News and Opinion from Sisters, Oregon

Roundabout concept taking shape

Most local residents avoid trying to enter Highway 20 from North Locust Street. There are long delays for pedestrians, bicyclists, and motorists wanting to cross the highway, or for vehicles wanting to turn left onto or off the highway.

Plans are currently underway to remedy that situation with construction of a new roundabout intersection the same size as the one at the other end of town at Barclay Drive and Highway 20. Because Highway 20 is a state highway, the City is working with the Oregon Department of Transportation (ODOT) in a partnership to acquire the property necessary to build the roundabout and funding for its construction. Most of that property belongs to the Sisters School District, the majority being part of the elementary school’s playground, including the tennis courts, and some on the corner of the Administration building property.

According to a draft update presented at last week’s City Council meeting, the Highway 20/Locust intersection went through a thorough feasibility study in 2011 due to both safety and congestion issues. The feasibility study included polling Sisters’ citizens. Residents favored the roundabout solution over a traffic signal by 93 percent.

Additional public outreach occurred with the 2018 City of Sisters Transportation System Plan (TSP) update, resulting in overwhelming support for a roundabout. Continued backing from the community made this a high-priority action item in the recently completed 2020 Sisters Country Vision Plan.

This project proposes the construction of a single-lane roundabout at the intersection of Highway 20 and Locust Street on the east end of downtown.

A roundabout at this location will provide the first place where local traffic — including pedestrians and bicyclists — can cross Highway 20 at a controlled intersection as they approach from Bend or Redmond.

The roundabout will provide access to the newly constructed pedestrian and bicycle improvements throughout downtown.

The roundabout will also provide easy access and departure from the alternate transportation route since this location is the eastern terminus.

Improving access to the alternate transportation route will help relieve congestion on Highway 20 in the downtown core.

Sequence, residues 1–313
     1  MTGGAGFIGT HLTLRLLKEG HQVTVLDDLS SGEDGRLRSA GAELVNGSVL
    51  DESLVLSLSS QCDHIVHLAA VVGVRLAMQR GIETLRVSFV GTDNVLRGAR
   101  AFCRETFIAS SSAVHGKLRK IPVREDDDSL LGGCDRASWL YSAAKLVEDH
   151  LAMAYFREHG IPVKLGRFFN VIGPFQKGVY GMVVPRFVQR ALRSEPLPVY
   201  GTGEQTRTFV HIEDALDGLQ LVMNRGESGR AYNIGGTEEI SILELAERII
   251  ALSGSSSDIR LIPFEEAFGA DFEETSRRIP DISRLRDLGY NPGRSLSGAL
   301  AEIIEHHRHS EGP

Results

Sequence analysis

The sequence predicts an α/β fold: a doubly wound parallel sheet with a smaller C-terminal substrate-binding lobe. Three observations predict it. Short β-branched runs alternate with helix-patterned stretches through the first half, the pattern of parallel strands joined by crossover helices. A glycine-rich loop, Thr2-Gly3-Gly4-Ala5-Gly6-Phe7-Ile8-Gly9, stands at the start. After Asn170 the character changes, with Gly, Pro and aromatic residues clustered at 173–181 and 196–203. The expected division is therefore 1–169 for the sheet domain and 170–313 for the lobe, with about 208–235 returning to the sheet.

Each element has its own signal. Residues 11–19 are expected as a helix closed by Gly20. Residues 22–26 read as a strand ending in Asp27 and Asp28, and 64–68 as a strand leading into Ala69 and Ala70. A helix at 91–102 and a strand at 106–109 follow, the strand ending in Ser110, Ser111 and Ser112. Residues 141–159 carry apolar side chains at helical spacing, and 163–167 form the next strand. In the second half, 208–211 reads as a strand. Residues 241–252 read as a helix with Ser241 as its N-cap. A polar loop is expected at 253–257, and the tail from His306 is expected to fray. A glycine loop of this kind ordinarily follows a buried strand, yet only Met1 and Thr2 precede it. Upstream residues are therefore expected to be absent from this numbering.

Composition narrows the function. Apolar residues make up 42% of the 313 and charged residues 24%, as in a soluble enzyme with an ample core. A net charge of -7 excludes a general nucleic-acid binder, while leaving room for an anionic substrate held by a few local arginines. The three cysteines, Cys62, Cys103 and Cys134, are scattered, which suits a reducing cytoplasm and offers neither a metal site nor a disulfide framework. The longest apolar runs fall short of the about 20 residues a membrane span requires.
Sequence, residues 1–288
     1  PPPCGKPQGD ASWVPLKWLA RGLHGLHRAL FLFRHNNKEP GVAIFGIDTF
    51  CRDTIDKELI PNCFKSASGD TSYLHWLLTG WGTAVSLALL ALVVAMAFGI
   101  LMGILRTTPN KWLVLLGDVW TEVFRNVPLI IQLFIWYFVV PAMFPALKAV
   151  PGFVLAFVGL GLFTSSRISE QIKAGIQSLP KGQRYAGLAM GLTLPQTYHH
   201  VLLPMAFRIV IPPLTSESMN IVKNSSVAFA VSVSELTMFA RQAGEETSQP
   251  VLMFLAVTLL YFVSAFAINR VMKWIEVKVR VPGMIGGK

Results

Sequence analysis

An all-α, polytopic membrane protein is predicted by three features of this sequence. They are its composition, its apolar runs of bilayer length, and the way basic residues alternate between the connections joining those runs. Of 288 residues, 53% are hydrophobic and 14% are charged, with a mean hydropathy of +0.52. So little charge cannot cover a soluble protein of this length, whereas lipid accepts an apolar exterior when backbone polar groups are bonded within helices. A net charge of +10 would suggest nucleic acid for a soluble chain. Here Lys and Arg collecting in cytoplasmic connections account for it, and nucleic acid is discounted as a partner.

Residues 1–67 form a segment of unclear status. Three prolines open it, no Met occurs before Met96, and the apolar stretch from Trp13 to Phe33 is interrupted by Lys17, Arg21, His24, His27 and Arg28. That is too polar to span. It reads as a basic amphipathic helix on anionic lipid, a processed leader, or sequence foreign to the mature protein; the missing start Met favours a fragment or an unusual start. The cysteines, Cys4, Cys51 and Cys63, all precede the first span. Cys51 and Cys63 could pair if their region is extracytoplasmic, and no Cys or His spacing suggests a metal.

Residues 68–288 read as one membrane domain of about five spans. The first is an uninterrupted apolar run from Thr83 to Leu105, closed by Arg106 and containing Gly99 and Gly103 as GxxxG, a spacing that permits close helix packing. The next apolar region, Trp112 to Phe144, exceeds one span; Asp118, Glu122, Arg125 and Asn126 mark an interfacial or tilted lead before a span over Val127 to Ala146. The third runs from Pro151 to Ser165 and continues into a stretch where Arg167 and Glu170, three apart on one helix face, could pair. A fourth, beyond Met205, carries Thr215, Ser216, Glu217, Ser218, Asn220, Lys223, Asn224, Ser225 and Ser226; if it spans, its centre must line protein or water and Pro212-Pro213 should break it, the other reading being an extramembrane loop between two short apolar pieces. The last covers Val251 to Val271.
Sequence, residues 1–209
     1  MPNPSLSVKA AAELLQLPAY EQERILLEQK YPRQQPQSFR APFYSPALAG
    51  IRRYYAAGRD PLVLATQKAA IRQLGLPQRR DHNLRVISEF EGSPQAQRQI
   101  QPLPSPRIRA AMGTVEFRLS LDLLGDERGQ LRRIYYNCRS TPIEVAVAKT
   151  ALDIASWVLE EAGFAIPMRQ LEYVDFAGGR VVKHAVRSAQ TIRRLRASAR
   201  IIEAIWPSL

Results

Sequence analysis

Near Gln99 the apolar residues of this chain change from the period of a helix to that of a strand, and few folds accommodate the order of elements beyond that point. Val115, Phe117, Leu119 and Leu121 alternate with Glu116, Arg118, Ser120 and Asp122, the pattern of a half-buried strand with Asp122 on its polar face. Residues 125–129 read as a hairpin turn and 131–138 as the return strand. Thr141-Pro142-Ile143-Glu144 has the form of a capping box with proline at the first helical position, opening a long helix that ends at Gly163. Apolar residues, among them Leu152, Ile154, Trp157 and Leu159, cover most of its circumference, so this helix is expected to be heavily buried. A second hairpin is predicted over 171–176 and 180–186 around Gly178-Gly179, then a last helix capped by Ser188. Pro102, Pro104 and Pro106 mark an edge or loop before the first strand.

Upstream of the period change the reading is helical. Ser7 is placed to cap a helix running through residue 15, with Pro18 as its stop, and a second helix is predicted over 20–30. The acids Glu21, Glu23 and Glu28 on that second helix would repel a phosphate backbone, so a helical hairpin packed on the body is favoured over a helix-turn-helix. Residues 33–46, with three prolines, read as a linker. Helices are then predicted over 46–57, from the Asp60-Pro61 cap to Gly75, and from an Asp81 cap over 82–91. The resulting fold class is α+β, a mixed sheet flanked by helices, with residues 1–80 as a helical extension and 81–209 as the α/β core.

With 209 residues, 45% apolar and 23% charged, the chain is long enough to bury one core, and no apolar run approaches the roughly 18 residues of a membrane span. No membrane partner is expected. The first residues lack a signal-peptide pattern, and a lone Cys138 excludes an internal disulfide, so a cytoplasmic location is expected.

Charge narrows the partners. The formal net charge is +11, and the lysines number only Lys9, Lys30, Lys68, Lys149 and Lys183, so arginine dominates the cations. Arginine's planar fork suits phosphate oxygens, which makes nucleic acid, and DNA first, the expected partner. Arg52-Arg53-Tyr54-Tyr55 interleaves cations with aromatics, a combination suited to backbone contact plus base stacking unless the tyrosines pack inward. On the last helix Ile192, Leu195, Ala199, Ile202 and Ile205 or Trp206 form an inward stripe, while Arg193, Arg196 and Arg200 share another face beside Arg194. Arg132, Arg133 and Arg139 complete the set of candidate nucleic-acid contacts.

Project development for the roundabout has already begun. ODOT and City staff are finalizing the 30 percent design package that will be submitted to the State traffic engineer for review and approval. Right-of-way acquisition for the project has begun between the City and the Sisters School District. The final design, right-of-way acquisition, and construction of the project should be completed in nine to 12 months, once 100 percent funding becomes available.

The current cost estimate is $4.5 million. To date, the City has invested $250,000 to initiate project development and proceed to 30 percent completion. ODOT has strategically used in-house resources to leverage the City’s investment to perform additional hydraulic, hazmat, and environmental work.

The City’s funding strategy includes additional investment from the City’s Urban Renewal and transportation Systems Development Charge funds that can be leveraged as matching funds for State and Federal grant applications, as well as asking for funding assistance from Deschutes County, ODOT, and the State Legislature.

Gary Farnsworth, ODOT Region 4 manager, told The Nugget, “there is a lot of discussion at the Federal level for earmarks for certain projects,” which haven’t been available over the last eight years or so.

Farnsworth went on to say, “We have a good track record in Sisters with finding funding for the Cascade Avenue improvement project, the Barclay/Highway 20 roundabout, and the Connect Oregon funds for improvements at the airport. Hopefully, we can build on that track record for the Highway 20/Locust project.”

The City, ODOT, and the Oregon Motor Carrier Transportation Advisory Committee, made up of trucking freight haulers and other key freight stakeholders, unanimously concurred that the roundabout on the west entrance to Sisters was appropriately sized and approved to proceed with construction. The roundabout has proved to work very well for the freight industry, and it has accommodated all of the oversize loads going through Sisters. This has resulted in moving ahead with the same size roundabout at Highway 20 and Locust on the east end of downtown.

With the completion of the new roundabout, it will be possible to move heavy freight traffic out of and around downtown.


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